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Indoor Gardening

Tips and Tricks

The basis of indoor gardening is the most efficient use of the available space, which means vertical expansion in the case of a small plot of land, and the selection of plants that require little land surface area but have a high yield or leaf surface. If we can ensure a constant temperature, it is also worth getting involved in mushroom cultivation, as well as in the cultivation and germination of micro-greens. An earthworm compost can be a successful addition to our indoor garden, which breaks down kitchen scraps and provides nutrients for our plants.


For starters, various spices, spring onions, tomato and pepper seedlings can grow well indoors, as well as a few types of salad. In addition to practicality, aesthetics cannot be neglected in indoor gardening. In the case of suitable light, we may also cover the available space with edible flowers.

Option 01


Sprouting is a great way to start your journey in indoor gardening. They are an excellent way to introduce a lot of vitamins and trace elements into the body and they are easily digestible. Their carbohydrate and fat content is low, since the sprout itself feeds on it, and the starch is converted into fruit sugar. A wide variety of plants can be germinated, such as radishes, mustard seeds, sunflowers, alfalfa, broccoli, wheat, red cabbage, fenugreek, lentils, chickpeas, garden cress. 

The process of germination is very simple, the seeds must be soaked in water for 12 hours, then placed between 2 paper towels or in a plastic filter, then rinsed 1-2 times a day under running water to preserve their moisture content and prevent mold from appearing. Soon enough, you’ll see little green sprouts appearing, which can be consumed after a few days. If you want to do it on a professional level, you can buy a sprouting machine made for this purpose, but as you see, it can also be easily done with simple kitchen tools found at home.

indoor gardening
Option 02


Purchasing potted herbs from supermarkets is a common practice, yet they often wither away shortly after. Cultivating these plants on our own not only ensures their longer survival but also opens up the opportunity for propagation.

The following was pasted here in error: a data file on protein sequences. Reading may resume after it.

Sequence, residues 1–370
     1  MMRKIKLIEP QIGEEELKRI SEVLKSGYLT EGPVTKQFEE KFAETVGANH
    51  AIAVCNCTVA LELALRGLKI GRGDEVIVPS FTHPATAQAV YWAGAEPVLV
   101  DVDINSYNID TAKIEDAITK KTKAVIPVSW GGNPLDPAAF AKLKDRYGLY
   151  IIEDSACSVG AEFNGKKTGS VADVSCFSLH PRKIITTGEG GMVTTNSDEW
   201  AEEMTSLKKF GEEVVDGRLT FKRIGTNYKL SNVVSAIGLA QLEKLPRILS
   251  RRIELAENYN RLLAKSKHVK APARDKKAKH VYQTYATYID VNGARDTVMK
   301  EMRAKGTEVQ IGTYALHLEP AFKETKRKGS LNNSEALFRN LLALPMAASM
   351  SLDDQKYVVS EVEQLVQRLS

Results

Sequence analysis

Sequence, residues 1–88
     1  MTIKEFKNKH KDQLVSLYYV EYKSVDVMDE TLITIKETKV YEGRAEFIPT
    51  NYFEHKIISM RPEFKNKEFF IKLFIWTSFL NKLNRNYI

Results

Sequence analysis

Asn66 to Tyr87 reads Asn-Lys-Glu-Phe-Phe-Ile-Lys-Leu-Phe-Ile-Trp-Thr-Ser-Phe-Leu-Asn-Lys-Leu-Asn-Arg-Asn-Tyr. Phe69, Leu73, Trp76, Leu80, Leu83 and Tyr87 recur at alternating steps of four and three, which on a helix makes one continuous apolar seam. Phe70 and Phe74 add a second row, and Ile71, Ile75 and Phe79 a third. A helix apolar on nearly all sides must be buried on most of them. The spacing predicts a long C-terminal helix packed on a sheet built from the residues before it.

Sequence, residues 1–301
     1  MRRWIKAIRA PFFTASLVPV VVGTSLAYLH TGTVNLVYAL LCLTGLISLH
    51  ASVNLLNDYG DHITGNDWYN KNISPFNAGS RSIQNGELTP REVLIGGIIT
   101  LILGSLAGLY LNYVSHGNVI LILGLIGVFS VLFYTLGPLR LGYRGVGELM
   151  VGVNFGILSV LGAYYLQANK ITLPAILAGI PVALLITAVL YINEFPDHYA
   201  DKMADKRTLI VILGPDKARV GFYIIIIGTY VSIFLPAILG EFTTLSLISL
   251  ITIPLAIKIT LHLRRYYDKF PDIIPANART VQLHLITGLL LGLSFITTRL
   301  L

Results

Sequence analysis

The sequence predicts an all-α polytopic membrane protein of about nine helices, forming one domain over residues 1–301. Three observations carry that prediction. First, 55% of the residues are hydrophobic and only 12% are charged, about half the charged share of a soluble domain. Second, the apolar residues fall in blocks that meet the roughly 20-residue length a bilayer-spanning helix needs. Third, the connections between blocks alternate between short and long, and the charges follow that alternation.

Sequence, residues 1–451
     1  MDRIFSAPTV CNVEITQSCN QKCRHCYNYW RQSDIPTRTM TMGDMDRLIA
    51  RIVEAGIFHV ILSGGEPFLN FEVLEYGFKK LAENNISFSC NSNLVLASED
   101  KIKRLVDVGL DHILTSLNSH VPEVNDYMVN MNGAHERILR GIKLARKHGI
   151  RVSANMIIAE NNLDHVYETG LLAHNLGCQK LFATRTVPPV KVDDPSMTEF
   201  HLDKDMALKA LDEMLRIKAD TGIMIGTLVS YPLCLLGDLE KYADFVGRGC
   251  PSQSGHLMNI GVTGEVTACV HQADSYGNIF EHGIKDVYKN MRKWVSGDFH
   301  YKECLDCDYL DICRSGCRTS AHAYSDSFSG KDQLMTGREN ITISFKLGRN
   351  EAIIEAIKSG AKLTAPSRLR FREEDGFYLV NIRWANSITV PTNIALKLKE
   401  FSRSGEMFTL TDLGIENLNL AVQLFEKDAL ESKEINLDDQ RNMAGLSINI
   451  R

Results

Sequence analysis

A variety of herbs can thrive in containers or balcony planters. By selecting the right mix of herbs, we can create a symbiotic environment where they mutually support one another, leading to the growth of healthy plants. These herbs demand minimal care but reward us with a burst of fresh, vibrant flavours that enhance any dish.

The best candidates include basil, thyme, sage, parsley, rosemary, mint varieties, oregano, chives, and dill. These herbs generally prefer a well-draining soil mix and a location that receives ample sunlight for at least six hours a day. Regular watering is crucial, but it’s important to let the soil dry out slightly between waterings to avoid over-saturation. Additionally, periodic fertilization (with fresh earthworm compost-tea for example) can promote their growth. Harvesting the herbs regularly encourages new growth and prevents the plants from becoming leggy and overgrown.

Option 03


In in indoor gardening, growing mushrooms using growing blocks is a straightforward process. It requires a clean, humid environment with a constant temperature between 13-20°C. These blocks typically bear fruit within 2-3 weeks, providing several kilograms of mushrooms that can be continuously harvested for fresh and nutrient-rich produce. Popular varieties include oyster and shiitake mushrooms, but other types are also available.